Rooftop Talks About Tony Hawk Bikes 
Tony Hawk and Mike Escamilla are working together on Boom Boom Huck Jam BMX bikes.

Tony Hawk is making BMX bikes? He’s making bikes for the mass-market, and Mike Escamilla is helping out with the project. Vital BMX asked Mike some questions about what’s going on with Boom Boom Huck Jam bikes to get you the low-down.

How did Tony Hawk wind up in the BMX business?
It is only an extension of the Boom Boom Huck Jam licensing business. BBHJ has included skate, BMX and FMX for the last six years. We are now branching that into affordable (intro-level) BMX bikes, not the level of bikes that are ridden by avid BMXers. The intention was never to take away from the hardcore BMX business, but to offer a better starting point for kids that are interested.

You’ve been involved in BMX forever; will you be a part of the bike division? What’s your connection going to be?
At first I will be a consultant on the bikes. I'm confident that these bikes will be a good thing for the low-end BMX mass-market bike. The kids buying these bikes are the kids asking for a bike one week and a motorized scooter two weeks later. Since none of our “hardcore” brands offer bikes at this level these BBHJ bikes will be a good bridge for kids to get started. Parents will be able to afford to get their kids on better quality bikes without breaking the bank.

Are the bikes going to be headed to real bike shops or just big-box stores? What’s going to be the top-end on the price?
These bikes will go to big box stores, Target, Wallmart, Toy’R’Us, etc., and some sporting goods stores. As of right now we don’t have exact prices but all these bikes will be extremely affordable.

How do you think this will affect BMX, if at all?
This was the issue I thought most about and was what ultimately made me decide to be a part of this project. I'm sure some are thinking this will take money from the BMX industry—it won't. The customers for these bikes are from a whole different market. Most mass-market bike companies right now have nothing to do with BMX, action sports, or any affiliation with anyone in our industry. So the profits from those sales will never go back into BMX.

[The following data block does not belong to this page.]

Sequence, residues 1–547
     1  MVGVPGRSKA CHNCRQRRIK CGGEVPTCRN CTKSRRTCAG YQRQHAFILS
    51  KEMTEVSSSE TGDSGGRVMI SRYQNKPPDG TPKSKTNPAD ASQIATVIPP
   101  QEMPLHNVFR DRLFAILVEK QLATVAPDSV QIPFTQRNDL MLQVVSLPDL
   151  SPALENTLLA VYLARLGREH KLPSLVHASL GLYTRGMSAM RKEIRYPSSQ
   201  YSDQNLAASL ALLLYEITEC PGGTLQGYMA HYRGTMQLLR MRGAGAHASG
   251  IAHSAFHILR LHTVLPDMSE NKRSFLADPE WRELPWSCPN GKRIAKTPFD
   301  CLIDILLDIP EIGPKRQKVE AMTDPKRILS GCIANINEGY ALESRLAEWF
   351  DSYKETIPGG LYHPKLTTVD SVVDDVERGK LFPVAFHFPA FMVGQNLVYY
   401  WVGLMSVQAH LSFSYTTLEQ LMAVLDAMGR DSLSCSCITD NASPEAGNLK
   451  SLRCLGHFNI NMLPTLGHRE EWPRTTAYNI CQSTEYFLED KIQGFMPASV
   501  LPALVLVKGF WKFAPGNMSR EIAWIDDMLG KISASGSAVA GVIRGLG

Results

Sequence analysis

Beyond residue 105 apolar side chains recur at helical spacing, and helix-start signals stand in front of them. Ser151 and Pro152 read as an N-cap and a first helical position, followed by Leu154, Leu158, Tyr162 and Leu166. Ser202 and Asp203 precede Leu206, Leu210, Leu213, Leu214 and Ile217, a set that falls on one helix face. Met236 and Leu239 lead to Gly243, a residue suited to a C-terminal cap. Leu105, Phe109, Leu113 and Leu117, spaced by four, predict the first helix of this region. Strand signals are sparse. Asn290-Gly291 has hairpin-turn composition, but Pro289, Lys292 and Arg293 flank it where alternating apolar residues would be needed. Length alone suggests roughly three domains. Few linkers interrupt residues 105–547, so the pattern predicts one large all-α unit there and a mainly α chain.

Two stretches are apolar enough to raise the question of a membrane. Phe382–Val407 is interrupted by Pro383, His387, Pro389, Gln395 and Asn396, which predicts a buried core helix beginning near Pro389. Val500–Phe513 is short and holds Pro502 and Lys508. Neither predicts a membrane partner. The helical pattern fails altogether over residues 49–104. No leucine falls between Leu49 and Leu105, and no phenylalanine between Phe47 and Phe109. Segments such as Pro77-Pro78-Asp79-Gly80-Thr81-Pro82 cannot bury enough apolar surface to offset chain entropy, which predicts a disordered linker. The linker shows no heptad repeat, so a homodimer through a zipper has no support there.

This project gives us a chance to make bikes for the mass market that better represent us. These bikes will look more like a bike that a pro rides, rather than a veloca raptor. It will give us the beginning of controlling a market that we previously could not break into.

I know a lot of kids are saying we don't need mass market, we need to keep BMX hardcore. But the fact of the matter is the bikes bought in mass market stores are often a kid's first step into BMX. The next step is they learn about the sport, get a better bike, and start supporting the companies they like. This is really a big opportunity—through Tony Hawk and what he has created—for us to avoid the ridiculous companies benefiting from BMX. I bet thousands of kids see BMX in the X Games and buy a bike at mass and have a miserable experience because the bike is junk.

When Tony called me and told me about this deal he said he would only do it if I would consult on the bikes and have my hands in the process of making sure the bikes represented BMX in a positive way. This has been Tony's biggest concern. He knew jumping into the bike market being a skateboarder was something that he would not allow to happen unless someone affiliated with the bike industry oversaw the bike portion of this project. I think that says a lot about the control and direction that we're going to take this project.

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